In the longer term, cable manufacturers and installers also have challenges to address in the floating wind segment and Nexans was recently awarded a contract to supply preterminated and factory-tested cables for the turbines and T-connectors terminating the dynamic inter-array cables for WindFloat Atlantic, a 25-MW floating windfarm to be installed off the coast of Portugal.
For the 66-kV project, Nexans has been selected to supply its Windlink preterminated factory-tested cable system, which provides a flexible connection inside the turbine between the transformer and switchgear. Nexans will also supply 66-kV T-connectors that will provide the inter-array cables another well-known cable company, JDR, is supplying.
In April 2019 The Carbon Trust announced the five winners of its dynamic export cable competition, which is part of the Floating Wind Joint Industry Project (Floating Wind JIP), which aims to accelerate and support the development of commercial-scale floating windfarms.
The competition, supported by BPP cables, was launched to address the lack of availability of high voltage dynamic export cables for transmitting power from windfarms to shore, which has been identified by industry as a potential bottleneck for deploying floating wind technology commercially. The objective of the competition is to ensure this necessary technology is a viable option for developers for commercial floating wind projects within the next 5-10 years.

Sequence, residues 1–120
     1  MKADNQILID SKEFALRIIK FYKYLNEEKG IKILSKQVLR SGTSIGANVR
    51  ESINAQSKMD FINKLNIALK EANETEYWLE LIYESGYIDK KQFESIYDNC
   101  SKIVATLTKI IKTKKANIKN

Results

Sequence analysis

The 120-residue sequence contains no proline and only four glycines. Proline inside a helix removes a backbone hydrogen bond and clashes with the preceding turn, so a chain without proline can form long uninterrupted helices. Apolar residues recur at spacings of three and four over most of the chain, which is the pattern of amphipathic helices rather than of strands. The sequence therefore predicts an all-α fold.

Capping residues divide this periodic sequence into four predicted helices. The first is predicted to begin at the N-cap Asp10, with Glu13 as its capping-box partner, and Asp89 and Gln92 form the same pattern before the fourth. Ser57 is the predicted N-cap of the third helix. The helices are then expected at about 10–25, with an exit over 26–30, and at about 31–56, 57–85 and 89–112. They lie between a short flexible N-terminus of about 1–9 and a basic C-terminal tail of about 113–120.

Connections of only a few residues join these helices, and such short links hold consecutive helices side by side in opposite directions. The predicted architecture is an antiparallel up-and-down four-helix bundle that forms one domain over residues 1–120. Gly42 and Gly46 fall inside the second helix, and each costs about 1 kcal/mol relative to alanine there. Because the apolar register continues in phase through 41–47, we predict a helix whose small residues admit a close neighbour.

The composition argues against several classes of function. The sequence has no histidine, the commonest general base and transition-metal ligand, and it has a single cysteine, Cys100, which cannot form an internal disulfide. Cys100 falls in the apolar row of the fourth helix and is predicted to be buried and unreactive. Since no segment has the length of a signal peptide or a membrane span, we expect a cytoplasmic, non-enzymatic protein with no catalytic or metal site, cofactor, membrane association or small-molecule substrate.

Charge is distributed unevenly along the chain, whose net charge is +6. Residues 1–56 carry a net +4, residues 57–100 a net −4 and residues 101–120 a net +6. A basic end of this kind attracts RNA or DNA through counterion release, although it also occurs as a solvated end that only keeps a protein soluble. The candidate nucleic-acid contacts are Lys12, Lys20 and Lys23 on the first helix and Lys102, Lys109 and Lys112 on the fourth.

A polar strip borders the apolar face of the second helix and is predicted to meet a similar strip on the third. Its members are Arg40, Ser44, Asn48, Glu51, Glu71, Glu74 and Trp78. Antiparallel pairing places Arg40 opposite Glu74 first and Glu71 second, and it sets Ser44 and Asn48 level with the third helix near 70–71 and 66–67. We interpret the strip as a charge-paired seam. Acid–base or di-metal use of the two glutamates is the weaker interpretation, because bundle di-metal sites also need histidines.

The competition winners are Aker Solutions (Norway); Furukawa Electric (Japan); Hellenic Cables (Greece); JDR Cable Systems (UK); and Zhongtian Technology Submarine Cable Co Ltd (China).
Competition funding will support the design, initial testing and development of dynamic cables ranging from 130 kV to 250 kV to enable the efficient transmission of power from floating wind turbines to shore. The first phase of the project will conclude in March 2020. Results may then help to inform subsequent project phases to support the deployment of dynamic export cables across the industry.
AERSUB enables cable repair and maintenance to be undertaken in-situ, on the seabed
May 2019 saw Irish Sea Contractors launch a patented, subsea power cable repair solution, AERSUB, developed specifically to enable power cables to be repaired, in-situ, on the seabed. The company believes AERSUB will help to significantly reduce the cost of repairing power cables, potentially by as much as 50%, while cutting repair times in half.
The company also announced the development of a ‘subsea jointer’ training programme including a subsea jointing academy in County Wexford to train the personnel required to carry out the power cable repairs using the AERSUB, which has been successfully tested on a demonstration project in the water at Rosslare Europort.
Osbit Limited was due to deliver an advanced multi-function prelay and backfill subsea plough to Global Marine Group in May 2019. The company said the Scion 240 “reduces the cost of offshore wind by minimising the operational risk and the time required to install subsea cables.”
Osbit said the system “offers unrivalled single pass capability delivering boulder clearance and pretrenching up to 1.7m in a single run, leaving a boulder-cleared swathe and a ‘backfill-ready’ open trench with segregated spoil.”
The system is fully subsea adjustable and features an extensive surveillance suite for accurate route tracking and effective trenching. This extensive functionality is provided through Osbit’s control technology, which consists of an open source modular system incorporating Osbit Integrated Logistics Support asset monitoring, packaged in an ergonomic control cabin.
The Scion 240 can also be reconfigured into backfill mode, which uses the same control and surveillance suite to monitor the cable and trench profile, enabling reliable backfilling while ensuring the safety of the cable at all times.